It looks as though it is going to be long and nervous night for the politicians – and the pollsters too. What until a few weeks ago had looked as a race the No side were odds on to win, has, if the polls are right, is now a nail biting contest of whose outcome nobody can be quite sure.
Three polls published on Monday evening all rather remarkably pointed to exactly the same result – Yes 48 per cent, No 52 per cent. They thus underlined the message of every poll conducted in the last fortnight that while No is apparently still ahead, the Yes side is breathing very heavily down in its neck.
The message of two more polls published tonight was much the same. Panelbase produced the fourth poll that put Yes on 48 per cent and No on 52 per cent. For much of the campaign Panelbase put the Yes vote above other companies, and the Yes side will have been disappointed that even it seems to have decided it is narrowly set to lose.
Meanwhile the second poll suggested the vote was on even more of a knife edge, with Yes on 49 per cent, No on 51 per cent. This poll came from Ipsos MORI who hitherto have given the No side some of its largest leads. Just seven weeks ago the company put Yes on only 42 per cent. Its latest finding will thus seriously discomfort the No campaign.
So despite five polls putting No in the lead, no unionist politician will feel comfortable until the ballot boxes are opened. Meanwhile, although all the pollsters may have indicated that the race is too close to call because they have all put the No side ahead, they will be widely criticised for having got it wrong if Yes do in fact manage to win.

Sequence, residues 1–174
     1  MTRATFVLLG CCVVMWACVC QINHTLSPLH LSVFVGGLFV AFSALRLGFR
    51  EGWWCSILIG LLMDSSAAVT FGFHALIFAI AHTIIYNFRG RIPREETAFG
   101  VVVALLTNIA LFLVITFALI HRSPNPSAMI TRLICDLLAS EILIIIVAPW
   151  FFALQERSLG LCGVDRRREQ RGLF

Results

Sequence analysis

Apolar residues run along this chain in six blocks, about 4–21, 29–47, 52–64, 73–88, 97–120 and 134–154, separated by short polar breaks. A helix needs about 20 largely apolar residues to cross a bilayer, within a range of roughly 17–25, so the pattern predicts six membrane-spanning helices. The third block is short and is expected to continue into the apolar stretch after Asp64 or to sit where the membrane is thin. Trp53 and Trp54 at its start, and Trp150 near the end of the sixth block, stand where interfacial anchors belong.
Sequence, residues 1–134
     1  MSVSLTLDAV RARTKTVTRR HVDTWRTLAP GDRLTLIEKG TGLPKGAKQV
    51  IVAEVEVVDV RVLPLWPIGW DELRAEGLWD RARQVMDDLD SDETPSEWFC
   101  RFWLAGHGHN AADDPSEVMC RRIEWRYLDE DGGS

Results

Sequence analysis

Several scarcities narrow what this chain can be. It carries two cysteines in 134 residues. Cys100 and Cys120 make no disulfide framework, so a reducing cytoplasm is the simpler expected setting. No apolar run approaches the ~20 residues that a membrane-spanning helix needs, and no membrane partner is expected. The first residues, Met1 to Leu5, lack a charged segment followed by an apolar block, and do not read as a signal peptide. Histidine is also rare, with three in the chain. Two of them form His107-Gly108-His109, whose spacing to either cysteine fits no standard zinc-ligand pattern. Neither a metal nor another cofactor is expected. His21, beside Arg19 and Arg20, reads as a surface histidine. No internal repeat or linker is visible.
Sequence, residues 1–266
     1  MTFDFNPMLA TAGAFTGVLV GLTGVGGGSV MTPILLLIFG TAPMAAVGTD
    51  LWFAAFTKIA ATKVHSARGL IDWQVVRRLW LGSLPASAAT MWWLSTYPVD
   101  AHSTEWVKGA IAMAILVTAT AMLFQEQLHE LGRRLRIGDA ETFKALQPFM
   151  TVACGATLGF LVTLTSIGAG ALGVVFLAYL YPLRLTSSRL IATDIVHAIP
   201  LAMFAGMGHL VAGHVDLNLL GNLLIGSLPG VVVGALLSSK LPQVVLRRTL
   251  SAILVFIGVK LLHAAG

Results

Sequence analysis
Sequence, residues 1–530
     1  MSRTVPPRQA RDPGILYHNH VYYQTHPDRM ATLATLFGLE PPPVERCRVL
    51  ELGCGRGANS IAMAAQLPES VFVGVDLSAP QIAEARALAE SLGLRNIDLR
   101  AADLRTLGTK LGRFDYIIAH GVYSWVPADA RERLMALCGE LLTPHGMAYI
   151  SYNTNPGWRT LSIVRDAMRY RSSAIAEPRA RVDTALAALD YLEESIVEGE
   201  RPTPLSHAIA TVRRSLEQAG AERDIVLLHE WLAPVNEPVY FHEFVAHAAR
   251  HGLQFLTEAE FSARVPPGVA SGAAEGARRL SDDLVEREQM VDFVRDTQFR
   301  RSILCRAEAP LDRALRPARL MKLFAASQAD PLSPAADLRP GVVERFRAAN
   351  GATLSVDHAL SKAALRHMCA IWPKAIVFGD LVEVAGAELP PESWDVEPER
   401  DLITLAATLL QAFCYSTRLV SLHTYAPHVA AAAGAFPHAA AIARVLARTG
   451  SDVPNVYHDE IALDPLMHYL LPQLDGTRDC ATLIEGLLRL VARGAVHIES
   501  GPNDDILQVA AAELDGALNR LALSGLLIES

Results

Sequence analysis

Central to voters’ decisions throughout this campaign has been economics. Nearly all of those who think that Scotland would be more prosperous say that they will vote Yes, while those who reckon the country would be worse off are inclined to vote No.
While the Yes side has made some progress during the campaign in convincing people that independence would be economically beneficial, they may not have done quite enough. Two of Monday’s night’s polls reported that economic pessimists still outnumbered optimists, while last night Panelbase found that more than twice as many people believe they personally would be £500 a year worse off than believe they would be £500 better off.
But even if the No side do emerge victorious by tomorrow morning, the referendum campaign will have left its mark. The narrowing of the polls in the last fortnight of the campaign has forced it to firm up its promises of more devolution. Meanwhile, more than one recent poll has found that less than one in five voters in Scotland are happy for the powers of the Scottish Parliament should remain as they are. If Scotland does opt to stay in the Union, it will expect those promises to be delivered.
John Curtice is Professor of Politics at Strathclyde University